From Mira Nair, the acclaimed director of Mississippi
Masala, Salaam Bombay and The Perez Family, comes a startling and
exotic tale examining the mysteries of adoration, devotion and
infatuation. Set against the vibrant tapestry and striking sounds
of sumptuously reproduced ancient India, Kama Sutra uncovers the
truths behind the highly revered, extremely controversial and
greatly misunderstood book of Indian lovemaking techniques.
Background notes are edited by Louise Keller.
"Kama Sutra deals very matter-of-factly with the
different kinds of sex and love that exist," explains
director Mira Nair about her fourth feature film. "Kama
Sutra says sex without love is completely natural, but don’t
get disappointed when the act itself is not exalted. However, sex
with love, with someone whom you want a more complete union, if
practised with the skills of ‘Kama Sutra’ can be holy,
transcendent and divine. In making Kama Sutra I wanted to make an
ancient-modern tale, a story which although set in the 16th
century is utterly modern in its telling, in its ideas, in its
feeling. I think to be utterly modern in my mind is to
incorporate the truly ancient."
"Kama Sutra says sex
without love is completely natural," Director Mira Nair
Research into the subject of the Kama Sutra planted a seed in
Nair’s mind and gave her ideas about directing an erotic
love story. She recalls, "The first screenplay ideas came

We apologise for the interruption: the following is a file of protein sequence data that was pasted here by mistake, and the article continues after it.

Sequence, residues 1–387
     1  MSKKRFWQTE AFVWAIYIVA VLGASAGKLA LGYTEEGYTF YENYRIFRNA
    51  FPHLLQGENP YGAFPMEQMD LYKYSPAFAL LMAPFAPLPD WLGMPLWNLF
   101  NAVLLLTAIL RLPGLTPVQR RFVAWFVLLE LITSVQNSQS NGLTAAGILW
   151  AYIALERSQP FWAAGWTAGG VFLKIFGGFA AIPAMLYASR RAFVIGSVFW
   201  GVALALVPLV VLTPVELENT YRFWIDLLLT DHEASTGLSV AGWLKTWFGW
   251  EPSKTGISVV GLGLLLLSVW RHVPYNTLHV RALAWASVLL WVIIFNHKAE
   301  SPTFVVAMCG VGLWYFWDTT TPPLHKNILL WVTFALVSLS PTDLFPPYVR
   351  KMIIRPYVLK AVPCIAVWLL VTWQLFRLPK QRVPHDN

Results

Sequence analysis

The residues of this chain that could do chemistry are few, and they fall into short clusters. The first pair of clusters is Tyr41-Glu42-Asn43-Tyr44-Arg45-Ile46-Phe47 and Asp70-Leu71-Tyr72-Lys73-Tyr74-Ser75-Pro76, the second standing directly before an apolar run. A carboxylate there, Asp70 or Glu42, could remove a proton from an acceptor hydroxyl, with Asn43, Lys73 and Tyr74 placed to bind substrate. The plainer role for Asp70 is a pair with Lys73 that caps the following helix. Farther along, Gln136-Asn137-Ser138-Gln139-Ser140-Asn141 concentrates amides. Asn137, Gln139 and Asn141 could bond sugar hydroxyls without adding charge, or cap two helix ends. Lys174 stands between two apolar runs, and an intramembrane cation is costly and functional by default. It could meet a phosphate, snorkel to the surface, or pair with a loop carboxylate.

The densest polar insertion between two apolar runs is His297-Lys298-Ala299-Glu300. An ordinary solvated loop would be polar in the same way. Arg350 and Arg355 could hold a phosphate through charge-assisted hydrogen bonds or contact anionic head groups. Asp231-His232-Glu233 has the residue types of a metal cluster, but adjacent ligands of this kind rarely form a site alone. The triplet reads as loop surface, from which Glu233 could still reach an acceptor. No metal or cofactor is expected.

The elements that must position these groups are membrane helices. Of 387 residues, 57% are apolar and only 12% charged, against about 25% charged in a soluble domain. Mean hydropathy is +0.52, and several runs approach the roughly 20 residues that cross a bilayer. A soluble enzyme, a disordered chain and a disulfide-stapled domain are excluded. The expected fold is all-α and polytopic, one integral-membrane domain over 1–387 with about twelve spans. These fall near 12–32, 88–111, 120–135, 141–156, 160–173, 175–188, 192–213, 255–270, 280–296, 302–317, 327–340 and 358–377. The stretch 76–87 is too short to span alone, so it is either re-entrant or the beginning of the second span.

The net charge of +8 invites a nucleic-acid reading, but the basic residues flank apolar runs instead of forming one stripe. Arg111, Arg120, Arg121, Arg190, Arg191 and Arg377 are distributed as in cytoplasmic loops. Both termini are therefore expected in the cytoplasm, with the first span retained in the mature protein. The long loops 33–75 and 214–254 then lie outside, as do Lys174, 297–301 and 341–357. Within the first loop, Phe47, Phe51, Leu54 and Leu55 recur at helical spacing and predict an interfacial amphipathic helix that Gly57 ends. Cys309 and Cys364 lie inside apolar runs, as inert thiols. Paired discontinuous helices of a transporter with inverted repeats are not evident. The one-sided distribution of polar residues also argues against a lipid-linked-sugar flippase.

from a short story my husband Mahmood gave to me titled
Hand-me-downs by Waiida Tabassum. It was a four page diabolical
tale that became the basis of the first 15 minutes of Kama Sutra.
I brought this story - basically about a poor girl balancing the
humiliations she suffers at the hands of a rich girl by seducing
her husband, using sex as the great leveller of class - to my
friend Helena Kriel."
"Kama Sutra is about
having the courage to yield to love." Co-scripter Helena Kriel
What intrigued co-scripter Helena Kriel was "Crafting a
story that dealt with sex and spirituality within the same
plane." She continues, "Kama Sutra is about having the
courage to yield to love. Mira and I both wanted an audience to
take something away from the film that related to their own
"I like the fact the
story was from a female perspective" Producer Lydia Dean Pilcher
The magic that Nair and Kriel brought to their tale of love in
all its multi-faceted forms struck a chord with producer Lydia
Dean Pilcher. She says, "I like the fact the story was from
a female perspective - that’s rare in cinema today - and
that it explored the fundamental differences between men and
women in sexual terms."
With the screenplay finessed to her satisfaction, Mira Nair
began the extensive casting process to find suitable actors for
the four main leads: the noble Princess Tara, the graceful
servant Maya, the libidinious King Raj Singh, and the lowly court
sculptor, Jai Kumar.
"At first, I was
struck by how different Tara was to myself." Actress Sarita Choudhury
Sarita Choudhury, who made her first screen appearance in